Lucky Foods for the New Year
In Spain, revelers mark the New Year by quickly eating a dozen grapes at midnight. The fruits are said to be a predictor of the year ahead: Each sweet grape represents a good month, each sour grape a less-than-lucky one.
In the South, eating black-eyed peas shows humility and thus invites good fortune.
In Italy, lentils are served because an abundance of the tiny edible seeds symbolizes wealth.
Foods in the shape of a ring are thought to bring good luck, possibly because they symbolize "coming full circle."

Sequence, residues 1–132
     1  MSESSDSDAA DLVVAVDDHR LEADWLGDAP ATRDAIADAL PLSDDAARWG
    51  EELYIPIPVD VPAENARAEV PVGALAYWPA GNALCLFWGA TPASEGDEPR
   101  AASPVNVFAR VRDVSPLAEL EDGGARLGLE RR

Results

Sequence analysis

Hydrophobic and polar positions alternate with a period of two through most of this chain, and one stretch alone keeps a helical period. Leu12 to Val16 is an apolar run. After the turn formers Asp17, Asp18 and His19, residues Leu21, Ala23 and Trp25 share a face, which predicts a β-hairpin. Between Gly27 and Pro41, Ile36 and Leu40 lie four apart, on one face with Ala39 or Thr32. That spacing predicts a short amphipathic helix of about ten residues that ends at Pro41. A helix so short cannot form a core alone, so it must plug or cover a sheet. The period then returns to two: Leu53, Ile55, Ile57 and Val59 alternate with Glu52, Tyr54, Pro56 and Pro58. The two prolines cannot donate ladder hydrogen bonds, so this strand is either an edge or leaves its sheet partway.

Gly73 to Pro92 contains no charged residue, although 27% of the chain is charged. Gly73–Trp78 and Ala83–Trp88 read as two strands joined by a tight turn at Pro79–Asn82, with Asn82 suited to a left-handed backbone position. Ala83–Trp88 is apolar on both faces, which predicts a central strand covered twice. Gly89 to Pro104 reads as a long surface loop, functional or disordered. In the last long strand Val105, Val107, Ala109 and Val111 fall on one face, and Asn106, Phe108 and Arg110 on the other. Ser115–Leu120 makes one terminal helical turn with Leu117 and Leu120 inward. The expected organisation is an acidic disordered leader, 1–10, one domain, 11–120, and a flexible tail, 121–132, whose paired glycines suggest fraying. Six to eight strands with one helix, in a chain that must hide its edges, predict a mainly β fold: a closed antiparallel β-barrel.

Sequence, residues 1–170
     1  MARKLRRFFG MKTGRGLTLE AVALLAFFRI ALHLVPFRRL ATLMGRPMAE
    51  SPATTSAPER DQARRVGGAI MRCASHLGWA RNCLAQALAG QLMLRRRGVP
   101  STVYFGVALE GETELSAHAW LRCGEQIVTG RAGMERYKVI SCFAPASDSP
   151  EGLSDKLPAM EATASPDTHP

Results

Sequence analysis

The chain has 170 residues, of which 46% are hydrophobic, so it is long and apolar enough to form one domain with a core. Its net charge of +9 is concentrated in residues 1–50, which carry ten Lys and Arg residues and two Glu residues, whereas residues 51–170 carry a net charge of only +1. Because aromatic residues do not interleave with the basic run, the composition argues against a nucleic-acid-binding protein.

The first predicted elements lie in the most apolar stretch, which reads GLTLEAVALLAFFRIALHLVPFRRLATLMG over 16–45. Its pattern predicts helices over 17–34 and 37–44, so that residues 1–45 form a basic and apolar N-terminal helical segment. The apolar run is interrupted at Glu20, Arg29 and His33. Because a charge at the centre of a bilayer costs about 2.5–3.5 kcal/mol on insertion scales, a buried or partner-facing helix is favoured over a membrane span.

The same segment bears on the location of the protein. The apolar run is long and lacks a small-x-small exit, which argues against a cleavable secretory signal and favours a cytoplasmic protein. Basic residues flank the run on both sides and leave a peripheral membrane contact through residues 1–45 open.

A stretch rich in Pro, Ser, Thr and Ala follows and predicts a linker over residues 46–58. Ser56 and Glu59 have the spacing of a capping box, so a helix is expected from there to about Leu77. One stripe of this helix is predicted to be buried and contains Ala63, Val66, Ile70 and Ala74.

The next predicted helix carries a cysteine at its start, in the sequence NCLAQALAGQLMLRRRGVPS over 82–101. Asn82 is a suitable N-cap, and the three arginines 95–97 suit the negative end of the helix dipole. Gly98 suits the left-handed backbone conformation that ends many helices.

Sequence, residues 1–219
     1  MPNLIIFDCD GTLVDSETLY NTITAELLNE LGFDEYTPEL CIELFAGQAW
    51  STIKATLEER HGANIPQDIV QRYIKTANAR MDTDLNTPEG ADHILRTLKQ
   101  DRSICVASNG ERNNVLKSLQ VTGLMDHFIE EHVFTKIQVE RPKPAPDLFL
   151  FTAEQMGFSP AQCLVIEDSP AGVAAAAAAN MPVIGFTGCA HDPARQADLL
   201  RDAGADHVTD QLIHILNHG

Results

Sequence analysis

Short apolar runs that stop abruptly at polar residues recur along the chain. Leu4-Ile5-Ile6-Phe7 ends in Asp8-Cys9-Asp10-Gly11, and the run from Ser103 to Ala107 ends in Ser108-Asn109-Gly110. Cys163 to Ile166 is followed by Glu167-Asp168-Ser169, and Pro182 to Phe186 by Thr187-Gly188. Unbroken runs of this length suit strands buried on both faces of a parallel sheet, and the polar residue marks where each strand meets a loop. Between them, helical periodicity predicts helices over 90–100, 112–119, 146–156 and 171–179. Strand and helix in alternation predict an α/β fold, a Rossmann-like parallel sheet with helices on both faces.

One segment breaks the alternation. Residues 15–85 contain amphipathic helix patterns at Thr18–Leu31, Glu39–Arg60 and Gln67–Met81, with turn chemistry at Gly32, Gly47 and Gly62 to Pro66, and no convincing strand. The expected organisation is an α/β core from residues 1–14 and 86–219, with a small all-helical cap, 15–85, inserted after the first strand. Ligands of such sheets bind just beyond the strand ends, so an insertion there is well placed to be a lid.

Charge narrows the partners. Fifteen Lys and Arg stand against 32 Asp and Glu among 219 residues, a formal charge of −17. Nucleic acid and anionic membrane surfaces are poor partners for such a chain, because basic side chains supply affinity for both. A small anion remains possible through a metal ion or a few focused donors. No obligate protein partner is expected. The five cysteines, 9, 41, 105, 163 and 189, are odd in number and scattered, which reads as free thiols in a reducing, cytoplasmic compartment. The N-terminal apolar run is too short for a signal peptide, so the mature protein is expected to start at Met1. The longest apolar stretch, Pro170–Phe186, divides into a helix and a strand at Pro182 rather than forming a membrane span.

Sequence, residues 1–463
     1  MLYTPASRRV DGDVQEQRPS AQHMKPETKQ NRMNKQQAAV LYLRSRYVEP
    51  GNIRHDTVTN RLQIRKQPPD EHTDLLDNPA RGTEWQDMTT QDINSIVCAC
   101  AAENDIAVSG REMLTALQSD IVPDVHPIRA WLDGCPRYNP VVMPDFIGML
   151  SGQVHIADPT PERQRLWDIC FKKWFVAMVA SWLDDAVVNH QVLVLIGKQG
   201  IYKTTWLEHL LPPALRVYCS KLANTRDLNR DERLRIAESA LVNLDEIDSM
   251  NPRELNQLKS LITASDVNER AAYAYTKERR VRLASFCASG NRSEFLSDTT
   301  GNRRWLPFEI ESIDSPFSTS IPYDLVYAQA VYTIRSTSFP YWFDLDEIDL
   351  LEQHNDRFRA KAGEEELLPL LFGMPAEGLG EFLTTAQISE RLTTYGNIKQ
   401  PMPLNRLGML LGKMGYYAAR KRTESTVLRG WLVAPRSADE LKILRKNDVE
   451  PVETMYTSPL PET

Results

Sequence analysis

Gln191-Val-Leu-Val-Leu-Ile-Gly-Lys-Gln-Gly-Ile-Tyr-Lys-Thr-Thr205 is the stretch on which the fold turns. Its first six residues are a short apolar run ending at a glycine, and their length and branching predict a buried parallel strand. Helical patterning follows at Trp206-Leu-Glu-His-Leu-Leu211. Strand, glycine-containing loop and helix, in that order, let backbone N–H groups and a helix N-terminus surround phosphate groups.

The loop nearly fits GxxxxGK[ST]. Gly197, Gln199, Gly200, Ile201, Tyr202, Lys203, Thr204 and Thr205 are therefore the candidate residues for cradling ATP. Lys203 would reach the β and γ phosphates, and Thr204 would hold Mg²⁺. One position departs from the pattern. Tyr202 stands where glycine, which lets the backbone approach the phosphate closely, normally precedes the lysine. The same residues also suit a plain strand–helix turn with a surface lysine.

A coin baked into bread is said to bring luck to the person who finds it.
One of Japan's most beloved foods, soba, or buckwheat noodles, are customarily eaten at midnight on December 31, when they are called toshi-koshi ("from one year to another") soba. The noodles symbolize longevity, so the longer they are, the better.
Foods shaped like coins are thought to bring prosperity to those who eat them.
Collards and other greens are considered lucky because they look like greenbacks.
Ham, because of its fat, is served to bring a New Year rich with happiness.
A side of cornbread (with your ham, of course) represents the glories of gold.